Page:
By Kyle Price-Livingston
One of the really cool things I’ve gotten to do as an editor on this site is to travel to London to attend Comic Con. It was an incredible experience, partially because I love comics and web series, and partially because I had never been to London (or anywhere in England) before. I watch shows about it all the time, and felt like I had read enough Harry Potter to have a passing familiarity with the place, but upon arrival I was instantly struck by the vibrancy and diversity of the place.
As in other large, “melting-pot” type cities, thousands of distinct cultural groups exist, many of them united by ethnicity or a culture that primarily exists thousands of miles away. Their experiences of living and growing up in London happen through a different filter than that of your typical Brit.
One of the hallmarks of a tight knit culture is The Storyteller, the individual whose job it is to synthesize the community’s shared experiences into something which can be shown to outsiders and one another. These days, these tend to be novelists, playwrights, photographers, artists etc. In the case of the London Polish community, one of these storytellers is a filmmaker, and her name is Agnieszka Chmura.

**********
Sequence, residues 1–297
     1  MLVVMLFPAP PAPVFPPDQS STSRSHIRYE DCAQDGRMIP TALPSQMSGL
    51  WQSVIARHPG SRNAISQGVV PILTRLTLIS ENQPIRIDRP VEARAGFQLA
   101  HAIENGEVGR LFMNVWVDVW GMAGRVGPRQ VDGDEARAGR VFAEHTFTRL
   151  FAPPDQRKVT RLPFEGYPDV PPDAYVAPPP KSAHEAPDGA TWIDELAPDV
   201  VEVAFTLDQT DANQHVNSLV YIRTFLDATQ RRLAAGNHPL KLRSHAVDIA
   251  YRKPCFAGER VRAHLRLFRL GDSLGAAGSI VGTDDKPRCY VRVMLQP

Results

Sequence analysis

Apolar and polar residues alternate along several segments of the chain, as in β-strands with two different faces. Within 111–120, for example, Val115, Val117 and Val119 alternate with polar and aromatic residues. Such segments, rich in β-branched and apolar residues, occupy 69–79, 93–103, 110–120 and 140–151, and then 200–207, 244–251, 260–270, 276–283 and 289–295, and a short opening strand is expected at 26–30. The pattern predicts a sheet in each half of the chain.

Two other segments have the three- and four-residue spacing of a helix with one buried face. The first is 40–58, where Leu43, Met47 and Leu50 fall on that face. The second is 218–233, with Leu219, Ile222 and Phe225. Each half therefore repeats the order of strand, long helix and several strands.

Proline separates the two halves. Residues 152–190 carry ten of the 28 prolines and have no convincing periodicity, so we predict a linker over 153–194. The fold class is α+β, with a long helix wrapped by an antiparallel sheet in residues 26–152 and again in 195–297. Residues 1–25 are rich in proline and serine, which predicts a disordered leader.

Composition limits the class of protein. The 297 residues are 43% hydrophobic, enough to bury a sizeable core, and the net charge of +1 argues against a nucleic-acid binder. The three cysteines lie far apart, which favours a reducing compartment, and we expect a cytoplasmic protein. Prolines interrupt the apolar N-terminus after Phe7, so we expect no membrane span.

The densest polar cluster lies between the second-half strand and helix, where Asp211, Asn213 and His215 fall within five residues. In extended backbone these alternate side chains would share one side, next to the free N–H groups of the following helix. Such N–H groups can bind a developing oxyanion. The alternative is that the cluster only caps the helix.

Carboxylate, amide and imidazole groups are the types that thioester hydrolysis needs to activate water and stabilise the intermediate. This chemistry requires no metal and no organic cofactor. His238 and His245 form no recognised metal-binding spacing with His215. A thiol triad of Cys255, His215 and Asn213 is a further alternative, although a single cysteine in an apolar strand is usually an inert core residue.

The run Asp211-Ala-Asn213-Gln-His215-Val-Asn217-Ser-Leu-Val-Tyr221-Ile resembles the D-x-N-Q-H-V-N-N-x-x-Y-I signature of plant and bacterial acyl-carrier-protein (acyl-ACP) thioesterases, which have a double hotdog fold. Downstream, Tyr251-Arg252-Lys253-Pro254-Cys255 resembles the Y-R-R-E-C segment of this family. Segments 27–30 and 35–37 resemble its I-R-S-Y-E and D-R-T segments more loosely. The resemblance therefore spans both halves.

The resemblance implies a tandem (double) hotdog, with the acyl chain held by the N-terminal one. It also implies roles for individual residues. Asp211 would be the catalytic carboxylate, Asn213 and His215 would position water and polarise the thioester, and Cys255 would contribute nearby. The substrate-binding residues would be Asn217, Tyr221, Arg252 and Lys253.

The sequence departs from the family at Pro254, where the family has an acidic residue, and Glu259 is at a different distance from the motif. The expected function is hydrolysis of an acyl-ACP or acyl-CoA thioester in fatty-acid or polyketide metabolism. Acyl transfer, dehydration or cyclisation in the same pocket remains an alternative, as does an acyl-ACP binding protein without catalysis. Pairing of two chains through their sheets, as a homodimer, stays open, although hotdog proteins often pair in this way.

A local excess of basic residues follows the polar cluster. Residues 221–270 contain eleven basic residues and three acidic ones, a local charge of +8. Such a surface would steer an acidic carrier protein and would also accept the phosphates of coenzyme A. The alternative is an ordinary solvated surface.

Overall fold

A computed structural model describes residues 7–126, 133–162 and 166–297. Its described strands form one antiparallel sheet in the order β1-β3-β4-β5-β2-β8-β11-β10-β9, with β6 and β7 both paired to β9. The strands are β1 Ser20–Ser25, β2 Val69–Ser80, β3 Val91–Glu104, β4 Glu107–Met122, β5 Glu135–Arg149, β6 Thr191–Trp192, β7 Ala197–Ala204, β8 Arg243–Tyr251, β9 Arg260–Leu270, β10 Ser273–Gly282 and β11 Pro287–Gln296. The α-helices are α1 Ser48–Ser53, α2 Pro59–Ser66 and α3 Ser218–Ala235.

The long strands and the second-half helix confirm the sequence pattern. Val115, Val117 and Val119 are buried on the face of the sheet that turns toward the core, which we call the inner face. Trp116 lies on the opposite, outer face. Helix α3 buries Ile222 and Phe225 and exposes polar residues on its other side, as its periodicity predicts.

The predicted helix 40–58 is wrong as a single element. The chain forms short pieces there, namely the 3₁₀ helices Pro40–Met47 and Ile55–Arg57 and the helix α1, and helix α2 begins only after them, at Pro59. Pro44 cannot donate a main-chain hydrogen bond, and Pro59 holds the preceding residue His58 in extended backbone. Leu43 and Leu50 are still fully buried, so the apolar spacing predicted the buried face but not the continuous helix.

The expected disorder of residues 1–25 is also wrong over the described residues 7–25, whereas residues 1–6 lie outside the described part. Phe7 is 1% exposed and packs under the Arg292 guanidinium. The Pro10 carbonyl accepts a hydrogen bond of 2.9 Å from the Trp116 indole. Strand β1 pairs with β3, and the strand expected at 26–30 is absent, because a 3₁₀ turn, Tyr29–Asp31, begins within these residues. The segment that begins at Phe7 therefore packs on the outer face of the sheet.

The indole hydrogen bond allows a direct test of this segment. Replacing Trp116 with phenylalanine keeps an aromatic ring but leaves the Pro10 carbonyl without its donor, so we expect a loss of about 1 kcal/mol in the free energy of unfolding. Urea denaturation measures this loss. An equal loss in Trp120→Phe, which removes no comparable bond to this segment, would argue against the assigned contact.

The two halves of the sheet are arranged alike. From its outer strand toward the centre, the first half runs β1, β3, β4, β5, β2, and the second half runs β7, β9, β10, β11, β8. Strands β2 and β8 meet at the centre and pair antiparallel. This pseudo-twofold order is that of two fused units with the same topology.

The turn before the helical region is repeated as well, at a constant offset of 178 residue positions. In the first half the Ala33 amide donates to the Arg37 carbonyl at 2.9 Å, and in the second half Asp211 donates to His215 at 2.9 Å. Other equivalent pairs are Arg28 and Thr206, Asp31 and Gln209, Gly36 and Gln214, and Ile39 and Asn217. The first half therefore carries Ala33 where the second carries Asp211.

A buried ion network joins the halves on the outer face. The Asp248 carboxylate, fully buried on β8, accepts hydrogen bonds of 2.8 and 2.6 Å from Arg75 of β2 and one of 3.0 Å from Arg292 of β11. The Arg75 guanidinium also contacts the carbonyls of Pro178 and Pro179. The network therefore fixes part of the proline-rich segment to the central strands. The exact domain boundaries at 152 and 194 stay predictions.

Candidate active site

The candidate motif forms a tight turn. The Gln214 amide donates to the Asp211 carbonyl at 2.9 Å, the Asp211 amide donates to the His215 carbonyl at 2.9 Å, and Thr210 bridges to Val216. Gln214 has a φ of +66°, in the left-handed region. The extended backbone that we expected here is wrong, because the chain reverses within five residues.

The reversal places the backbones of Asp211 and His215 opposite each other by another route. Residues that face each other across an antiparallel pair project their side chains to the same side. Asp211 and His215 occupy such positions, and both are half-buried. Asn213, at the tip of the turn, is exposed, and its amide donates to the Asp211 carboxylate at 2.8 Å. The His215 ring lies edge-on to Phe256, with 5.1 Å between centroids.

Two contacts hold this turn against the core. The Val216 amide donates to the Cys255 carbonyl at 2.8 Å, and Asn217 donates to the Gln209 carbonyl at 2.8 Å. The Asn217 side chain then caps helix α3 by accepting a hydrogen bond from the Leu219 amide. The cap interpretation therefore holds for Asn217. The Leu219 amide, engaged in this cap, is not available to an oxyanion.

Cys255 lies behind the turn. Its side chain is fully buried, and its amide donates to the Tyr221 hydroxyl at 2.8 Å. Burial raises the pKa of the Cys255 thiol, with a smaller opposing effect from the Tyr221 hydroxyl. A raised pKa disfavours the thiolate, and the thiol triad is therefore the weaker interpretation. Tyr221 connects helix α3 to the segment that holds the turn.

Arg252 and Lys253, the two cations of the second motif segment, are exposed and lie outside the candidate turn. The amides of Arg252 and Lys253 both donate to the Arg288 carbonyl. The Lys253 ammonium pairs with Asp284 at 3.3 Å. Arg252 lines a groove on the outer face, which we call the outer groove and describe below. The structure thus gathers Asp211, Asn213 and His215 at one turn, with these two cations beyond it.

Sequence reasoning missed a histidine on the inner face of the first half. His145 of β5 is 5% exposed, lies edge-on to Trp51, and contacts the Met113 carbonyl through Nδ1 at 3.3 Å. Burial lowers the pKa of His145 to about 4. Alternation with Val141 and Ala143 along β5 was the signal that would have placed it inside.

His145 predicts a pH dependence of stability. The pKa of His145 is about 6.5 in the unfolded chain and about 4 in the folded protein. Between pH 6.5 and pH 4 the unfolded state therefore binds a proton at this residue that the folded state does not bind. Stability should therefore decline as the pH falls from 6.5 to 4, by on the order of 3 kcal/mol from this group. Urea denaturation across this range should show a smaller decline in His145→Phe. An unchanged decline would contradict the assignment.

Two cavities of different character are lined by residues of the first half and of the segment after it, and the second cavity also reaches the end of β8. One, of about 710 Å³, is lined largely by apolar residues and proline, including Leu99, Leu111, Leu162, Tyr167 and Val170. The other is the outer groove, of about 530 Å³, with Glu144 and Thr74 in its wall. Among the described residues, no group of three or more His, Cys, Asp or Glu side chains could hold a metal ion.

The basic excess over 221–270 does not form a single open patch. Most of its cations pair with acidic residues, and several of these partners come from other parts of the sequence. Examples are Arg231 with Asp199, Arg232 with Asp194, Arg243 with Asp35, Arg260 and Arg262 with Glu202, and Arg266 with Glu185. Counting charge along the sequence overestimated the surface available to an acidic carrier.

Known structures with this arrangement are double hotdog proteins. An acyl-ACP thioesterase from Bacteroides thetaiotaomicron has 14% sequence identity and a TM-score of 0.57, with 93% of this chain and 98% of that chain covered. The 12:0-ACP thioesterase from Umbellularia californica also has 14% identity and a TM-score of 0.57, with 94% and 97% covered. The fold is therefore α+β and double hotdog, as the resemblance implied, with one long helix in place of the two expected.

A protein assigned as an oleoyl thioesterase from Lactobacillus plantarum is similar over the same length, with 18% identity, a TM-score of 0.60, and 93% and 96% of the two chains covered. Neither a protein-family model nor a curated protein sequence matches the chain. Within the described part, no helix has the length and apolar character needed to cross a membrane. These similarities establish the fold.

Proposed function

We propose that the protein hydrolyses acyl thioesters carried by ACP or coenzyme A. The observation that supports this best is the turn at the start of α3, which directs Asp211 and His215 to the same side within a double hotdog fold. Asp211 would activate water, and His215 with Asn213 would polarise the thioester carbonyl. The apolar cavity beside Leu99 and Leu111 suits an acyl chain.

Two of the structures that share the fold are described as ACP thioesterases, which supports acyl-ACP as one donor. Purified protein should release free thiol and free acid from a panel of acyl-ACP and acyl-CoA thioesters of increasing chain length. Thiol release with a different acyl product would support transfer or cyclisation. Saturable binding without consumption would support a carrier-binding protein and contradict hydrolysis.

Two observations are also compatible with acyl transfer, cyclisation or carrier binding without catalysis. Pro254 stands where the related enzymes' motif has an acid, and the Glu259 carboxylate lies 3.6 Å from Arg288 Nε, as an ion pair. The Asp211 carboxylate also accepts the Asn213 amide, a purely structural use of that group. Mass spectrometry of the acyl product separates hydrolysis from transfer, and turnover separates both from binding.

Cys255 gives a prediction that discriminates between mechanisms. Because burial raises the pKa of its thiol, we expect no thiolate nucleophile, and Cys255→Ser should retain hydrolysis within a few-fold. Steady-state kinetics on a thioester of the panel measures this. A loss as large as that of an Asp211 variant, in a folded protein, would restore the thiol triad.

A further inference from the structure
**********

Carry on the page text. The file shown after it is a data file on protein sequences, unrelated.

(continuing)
Chmura’s “The Polish Londoners Project” is a documentary series detailing the day to day lives of some fascinating people. Only 4 episodes are currently available, but each focuses on a different (yet somehow equally fascinating) young person of Polish decent who is somehow connected with the arts.
I was moved by the honesty of this project. Serious, nonfiction work can be a tough sell, particularly as online content, and I have a great deal of respect for Agnieszka and everyone else involved in this project. It is important that real people be given the opportunity to understand one another, to build a shared experience and understand the contexts of people other than ourselves. My hat goes off to the whole team.